The National Sleep Foundation notes that adults between the ages of 26 and 64 need an average of seven to nine hours of sleep per night. Such a sleep schedule may be ideal, but many adults juggling work and family find it difficult to get seven hours of sleep per night, much less eight or nine.
While there may not be any way for adults to get more sack time at night, there are ways for men and women to get a better night's rest so they can approach each day with as much energy as possible.
• Stick to a schedule. Keeping a sporadic sleeping schedule can make it difficult to get the kind of restorative sleep that can help you maintain adequate energy levels throughout the day. To ensure you get a better night's sleep, go to sleep at the same time each night and wake up at the same time each day. Try to stay true to your sleep schedule on weekends, resisting the temptation to sleep in later or stay up late on Friday and Saturday nights.
• Nap effectively. Men and women who have the time to sneak in a nap may find that napping is a more effective way to make up for inadequate sleep than sleeping in late in the morning. Effective napping allows men and women to recharge without affecting their ability to fall asleep at night. Napping in the early afternoon and keeping nap time to between 20 and 30 minutes can provide the energy boost you need and help you make it through the after-dinner hours without feeling drowsy. Such drowsiness can lead to post-dinner periods of dozing that can make it difficult to fall asleep come bedtime.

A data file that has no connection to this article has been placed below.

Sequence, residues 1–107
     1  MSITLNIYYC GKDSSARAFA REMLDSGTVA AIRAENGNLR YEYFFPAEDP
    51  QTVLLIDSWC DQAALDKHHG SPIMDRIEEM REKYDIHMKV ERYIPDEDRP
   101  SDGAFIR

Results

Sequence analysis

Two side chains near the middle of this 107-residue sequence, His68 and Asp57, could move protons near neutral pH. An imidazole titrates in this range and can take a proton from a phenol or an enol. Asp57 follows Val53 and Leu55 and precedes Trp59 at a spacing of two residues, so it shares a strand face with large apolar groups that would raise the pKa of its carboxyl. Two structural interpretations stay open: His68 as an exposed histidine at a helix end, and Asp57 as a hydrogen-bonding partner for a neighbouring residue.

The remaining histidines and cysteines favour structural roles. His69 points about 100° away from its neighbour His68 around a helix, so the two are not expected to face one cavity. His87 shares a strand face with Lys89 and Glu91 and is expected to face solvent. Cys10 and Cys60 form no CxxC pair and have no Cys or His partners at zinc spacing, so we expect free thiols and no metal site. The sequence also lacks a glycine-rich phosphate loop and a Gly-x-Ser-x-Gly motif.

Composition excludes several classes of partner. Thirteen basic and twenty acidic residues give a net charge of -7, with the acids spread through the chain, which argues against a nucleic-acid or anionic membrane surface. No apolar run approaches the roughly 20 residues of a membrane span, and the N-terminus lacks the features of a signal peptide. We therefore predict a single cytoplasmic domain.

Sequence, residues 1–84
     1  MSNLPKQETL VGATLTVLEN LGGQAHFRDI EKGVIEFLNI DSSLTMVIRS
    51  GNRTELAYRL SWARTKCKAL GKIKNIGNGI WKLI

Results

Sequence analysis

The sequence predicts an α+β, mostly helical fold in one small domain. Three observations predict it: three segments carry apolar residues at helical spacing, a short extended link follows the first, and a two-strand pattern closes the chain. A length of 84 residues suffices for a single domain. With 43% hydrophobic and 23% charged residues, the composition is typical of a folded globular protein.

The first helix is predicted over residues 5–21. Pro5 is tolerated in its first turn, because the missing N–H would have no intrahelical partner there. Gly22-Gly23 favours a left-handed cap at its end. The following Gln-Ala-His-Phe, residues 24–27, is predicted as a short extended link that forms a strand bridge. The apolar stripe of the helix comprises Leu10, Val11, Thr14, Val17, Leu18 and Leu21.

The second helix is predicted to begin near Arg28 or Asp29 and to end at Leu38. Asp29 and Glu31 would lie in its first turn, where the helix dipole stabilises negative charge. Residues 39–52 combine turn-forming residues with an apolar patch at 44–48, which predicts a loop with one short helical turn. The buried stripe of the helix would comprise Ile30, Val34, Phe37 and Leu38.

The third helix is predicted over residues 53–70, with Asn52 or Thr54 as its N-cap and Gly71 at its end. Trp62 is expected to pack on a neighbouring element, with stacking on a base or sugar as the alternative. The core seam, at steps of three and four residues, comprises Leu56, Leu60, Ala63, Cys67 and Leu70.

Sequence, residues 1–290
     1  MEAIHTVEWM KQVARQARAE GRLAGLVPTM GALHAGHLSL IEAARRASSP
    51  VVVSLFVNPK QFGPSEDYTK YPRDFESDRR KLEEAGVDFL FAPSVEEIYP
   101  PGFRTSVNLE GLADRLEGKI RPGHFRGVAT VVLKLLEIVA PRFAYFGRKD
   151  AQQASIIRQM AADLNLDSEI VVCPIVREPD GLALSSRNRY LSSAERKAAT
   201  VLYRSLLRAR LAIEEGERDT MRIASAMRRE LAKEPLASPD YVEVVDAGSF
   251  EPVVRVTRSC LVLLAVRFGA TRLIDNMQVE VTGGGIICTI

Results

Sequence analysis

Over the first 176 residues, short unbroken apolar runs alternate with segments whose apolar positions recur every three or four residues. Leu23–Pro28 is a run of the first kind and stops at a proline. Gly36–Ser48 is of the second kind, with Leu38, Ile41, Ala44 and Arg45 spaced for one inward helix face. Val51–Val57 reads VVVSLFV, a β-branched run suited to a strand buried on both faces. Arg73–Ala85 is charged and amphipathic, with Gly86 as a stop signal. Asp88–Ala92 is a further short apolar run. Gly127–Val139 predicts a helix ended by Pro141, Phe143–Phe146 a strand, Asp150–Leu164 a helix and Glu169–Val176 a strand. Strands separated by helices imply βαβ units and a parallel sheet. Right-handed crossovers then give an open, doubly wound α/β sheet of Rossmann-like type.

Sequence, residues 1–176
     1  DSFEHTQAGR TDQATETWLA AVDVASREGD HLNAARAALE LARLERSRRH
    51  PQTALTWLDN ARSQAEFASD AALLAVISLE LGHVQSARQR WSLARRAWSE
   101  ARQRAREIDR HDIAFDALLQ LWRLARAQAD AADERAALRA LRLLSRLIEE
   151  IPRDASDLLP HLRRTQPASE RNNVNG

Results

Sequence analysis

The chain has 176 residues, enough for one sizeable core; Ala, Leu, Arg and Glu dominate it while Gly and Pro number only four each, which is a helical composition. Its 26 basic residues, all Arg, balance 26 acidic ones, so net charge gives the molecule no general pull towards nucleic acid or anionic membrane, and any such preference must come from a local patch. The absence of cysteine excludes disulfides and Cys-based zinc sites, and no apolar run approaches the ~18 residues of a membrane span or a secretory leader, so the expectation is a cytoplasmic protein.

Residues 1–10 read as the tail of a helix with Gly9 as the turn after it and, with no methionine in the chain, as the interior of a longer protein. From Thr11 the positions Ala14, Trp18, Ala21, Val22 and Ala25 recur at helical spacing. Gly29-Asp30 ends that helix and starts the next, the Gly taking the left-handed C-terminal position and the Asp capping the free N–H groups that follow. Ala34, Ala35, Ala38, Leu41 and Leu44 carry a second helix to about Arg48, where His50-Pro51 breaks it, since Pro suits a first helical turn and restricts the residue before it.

• Adopt a nighttime ritual. The NSF notes that a relaxing nighttime ritual that is noticeably different from the hustle and bustle of the rest of your day can help your body adjust for sleep, increasing the chance that you will get a more restful night's sleep. Relaxing ways to unwind before climbing into to bed to fall asleep including reading a book, listening to calming music or taking a warm bath. Once you find something that works, stick with it.
• Find time to exercise. Studies have shown that men and women who exercise regularly benefit from more restful nights' sleep. Finding the right time to exercise is essential, as many people find that exercising right before bed elevates their heart and stimulates their body in ways that make it difficult to fall asleep. Exercising in the early morning can provide more energy throughout the day, and come bedtime your body might be more ready to fall asleep. However, if you find yourself exercising at the expense of your sleep, try to find another time to get your workout in.
• Ensure your bedroom is sleep-friendly. The NSF recommends maintaining a relatively cool temperature between 60 and 67 F in your bedroom for sleeping. In addition, eliminate any potential distractions, such as light and noise, that can negatively affect your ability to fall asleep. Humidifiers, eye shades or even machines that generate white noise can effectively counter any distractions that you cannot get rid of on your own.
A good night's sleep is essential to human health. Men and women struggling to get adequate, beneficial sleep can employ a host of strategies to improve their quality of life.